According to Colakoglu and colleagues,9 a significant predictor of an increased risk of complications after breast implantation is older age (>45 years). All implants can have deleterious effects on the breast because they exert pressure on the skin, subcutaneous tissue, breast parenchyma, muscles, and bones. The physical characteristics of breast implants differ from those of adjacent soft tissue. Although both have a fixed volume and are compressible, soft tissues are elastic, whereas implants are not. The insertion of an implant results in immediate compression of both the implant and the surrounding muscle and parenchyma, among other effects. Over time, these effects tend to subside and stabilize as a result of creep and stress relaxation.10 However, physiological changes that occur with age may alter the stability of the relationship between the implant and the surrounding tissue. Cellular changes in the skin include thinning of the epidermis with a reduced mitotic rate in epidermal basal cells, a decrease in skin collagen concentration, and a decrease in subcutaneous fat. The loss of skin elasticity from increased collagen cross-links and decreased elastin leads to skin sagging and wrinkling.11
With increasing age, lean body mass decreases, caused in part by loss of muscle tissue. Muscle changes often begin in women at the age of 40. Lipofuscin and fat are deposited in muscle tissue; at the same time, muscle fibers shrink. Together, these changes lead to reduced muscle tone.11 The additional fat deposition in the breast gland can distort the anatomy of the mammary gland, shifting the breast implant and leading to late complications.12-14
Continued on next page
Our patient had chest pain secondary to a herniated breast implant, but presented with several misleading features of CAD. The negative results of the workup for CAD prompted us to look at the integrity of the breast implants, which led to the correct diagnosis and guided intervention. As our case report demonstrates, late complications of breast implants should be considered in the differential diagnosis of any patient who presents with chest pain or symptoms of CAD and has breast implants. However, since CAD is much more common in elders than a breast implant complication such as herniation, it should remain the primary consideration, and all cardiac causes must be ruled out before a patient’s symptoms are solely attributed to a breast implant or other noncardiac problem. This is especially critical when the patient has important risk factors for CAD, such as older age, smoking history, obesity, and diabetes.
Dr. Andrade was supported in part by a Hispanic Center of Excellence Medical Careers Diversity Program Grant from the Health Resources and Services Administration, US Department of Health and Human Services. The sponsor had no role in the design, method, or preparation of the manuscript. The authors thank Sarah Toombs Smith, PhD, ELS, for her editorial assistance with this manuscript.
The other authors report no relevant financial relationships.
1. American Society of Plastic Surgeons. 2011 top five cosmetic surgical procedures. www.plasticsurgery.org/Documents/news-resources/statistics/2011-statistics/2011-top-5-cosmetic-procedures-statistics.pdf. Accessed April 26, 2012.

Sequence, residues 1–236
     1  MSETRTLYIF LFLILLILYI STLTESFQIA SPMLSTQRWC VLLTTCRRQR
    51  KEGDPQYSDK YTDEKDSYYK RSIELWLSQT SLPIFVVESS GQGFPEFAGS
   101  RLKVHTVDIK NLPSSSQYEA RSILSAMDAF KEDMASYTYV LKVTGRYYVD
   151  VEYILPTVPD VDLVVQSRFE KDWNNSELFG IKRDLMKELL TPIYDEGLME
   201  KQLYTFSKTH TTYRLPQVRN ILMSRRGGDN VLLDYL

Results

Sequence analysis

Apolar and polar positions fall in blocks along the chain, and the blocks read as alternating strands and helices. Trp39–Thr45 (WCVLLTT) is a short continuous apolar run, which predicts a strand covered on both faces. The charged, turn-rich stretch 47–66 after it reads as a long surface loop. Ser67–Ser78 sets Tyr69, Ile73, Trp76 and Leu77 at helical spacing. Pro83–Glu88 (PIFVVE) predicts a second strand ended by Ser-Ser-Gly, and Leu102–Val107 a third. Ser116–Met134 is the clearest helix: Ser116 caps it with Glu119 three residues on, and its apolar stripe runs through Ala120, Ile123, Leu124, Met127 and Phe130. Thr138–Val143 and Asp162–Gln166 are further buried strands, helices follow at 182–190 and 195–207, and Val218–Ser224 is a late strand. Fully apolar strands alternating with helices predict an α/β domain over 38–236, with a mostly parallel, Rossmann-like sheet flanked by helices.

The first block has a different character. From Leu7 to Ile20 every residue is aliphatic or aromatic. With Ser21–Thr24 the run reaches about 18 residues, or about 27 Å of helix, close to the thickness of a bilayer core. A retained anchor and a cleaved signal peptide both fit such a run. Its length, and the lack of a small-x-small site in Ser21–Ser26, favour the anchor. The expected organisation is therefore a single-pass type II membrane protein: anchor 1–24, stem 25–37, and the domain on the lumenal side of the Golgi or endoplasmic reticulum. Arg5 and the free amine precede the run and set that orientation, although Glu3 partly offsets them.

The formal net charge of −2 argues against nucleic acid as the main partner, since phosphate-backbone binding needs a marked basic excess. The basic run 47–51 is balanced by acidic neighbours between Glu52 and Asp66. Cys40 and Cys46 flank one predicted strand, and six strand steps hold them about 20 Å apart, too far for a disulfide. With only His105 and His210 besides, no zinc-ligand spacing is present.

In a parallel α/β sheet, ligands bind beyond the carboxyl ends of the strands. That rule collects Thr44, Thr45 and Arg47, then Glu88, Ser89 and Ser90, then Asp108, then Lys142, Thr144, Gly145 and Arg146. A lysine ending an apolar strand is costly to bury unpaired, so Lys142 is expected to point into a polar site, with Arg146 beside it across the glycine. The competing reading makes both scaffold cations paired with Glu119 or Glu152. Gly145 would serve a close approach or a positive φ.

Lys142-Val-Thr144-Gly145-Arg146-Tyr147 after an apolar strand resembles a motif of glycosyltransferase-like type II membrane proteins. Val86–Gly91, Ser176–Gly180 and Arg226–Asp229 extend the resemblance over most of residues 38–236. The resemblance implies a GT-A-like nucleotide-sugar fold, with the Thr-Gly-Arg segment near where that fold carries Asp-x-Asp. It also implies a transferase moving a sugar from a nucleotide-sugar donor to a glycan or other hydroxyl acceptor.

2. Matthews KA, Meilahn E, Kuller LH, Kelsey SF, Caggiula AW, Wing RR. Menopause and risk factors for coronary heart disease. N Engl J Med. 1989;321(10):641-646.
3. US Food and Drug Administration. Breast implants: local complications and adverse outcomes. 2011. www.fda.gov/MedicalDevices/ProductsandMedicalProcedures/ImplantsandProsthetics/BreastImplants/ucm259296.htm. Accessed April 2, 2012.
4. US Food and Drug Administration. FDA update on the safety of silicone gel-filled breast implants, June 2011. http://bit.ly/BreastImplantSafety. Accessed May 1, 2012.
5. Cunningham BL, Lokeh A, Gutowski KA. Saline-filled breast implant safety and efficacy: a multicenter retrospective review. Plast Reconstr Surg. 2000;105(6):2143-2149.
6. Szemerey IB. The fasciocapsular flap in capsular herniation. Aesthetic Plast Surg. 2006;30(3):277-281.
7. Gabriel SE, Woods JE, O’Fallon WM, Beard CM, Kurland LT, Melton LJ. Complications leading to surgery after breast implantation. N Engl J Med. 1997;336(10):677-682.
8. Codner MA, Mejia JD, Locke MB, et al. A 15-year experience with primary breast augmentation. Plast Reconstr Surg. 2011;127(3):1300-1310.
9. Colakoglu S, Khansa I, Curtis MS, et al. Impact of complications on patient satisfaction in breast reconstruction. Plast Reconstr Surg. 2011;127(4):1428-1436.
10. Nahabedian MY. Discussion: high- and extra-high-projection breast implants: potential consequences for patients. Plast Reconstr Surg. 2010;126(6):2165-2167.
11. Pacala JT, Christmas C, Eleazer GP, Fabiny A, Lantz MS, Medina-Walpole A, eds. Geriatrics Review Syllabus: A Core Curriculum in Geriatric Medicine. 7th ed. New York, NY: American Geriatrics Society; 2010.
12. American Cancer Society. Breast cancer facts & figures 2009-2010. Atlanta, GA: American Cancer Society. www.cancer.org/Research/CancerFactsFigures/BreastCancerFactsFigures/breast-cancer-facts--figures-2009-2010. Accessed April 2, 2012.
13. Pelosi MA 3rd, Pelosi MA 2nd. Breast augmentation. Obstet Gynecol Clin N Am. 2010;37(4):533–546, vii.
14. Rubin JP, Landfair AS, Shestak K, et al. Health characteristics of postmenopausal women with breast implants. Plast Reconstr Surg. 2010;125(3):799-810.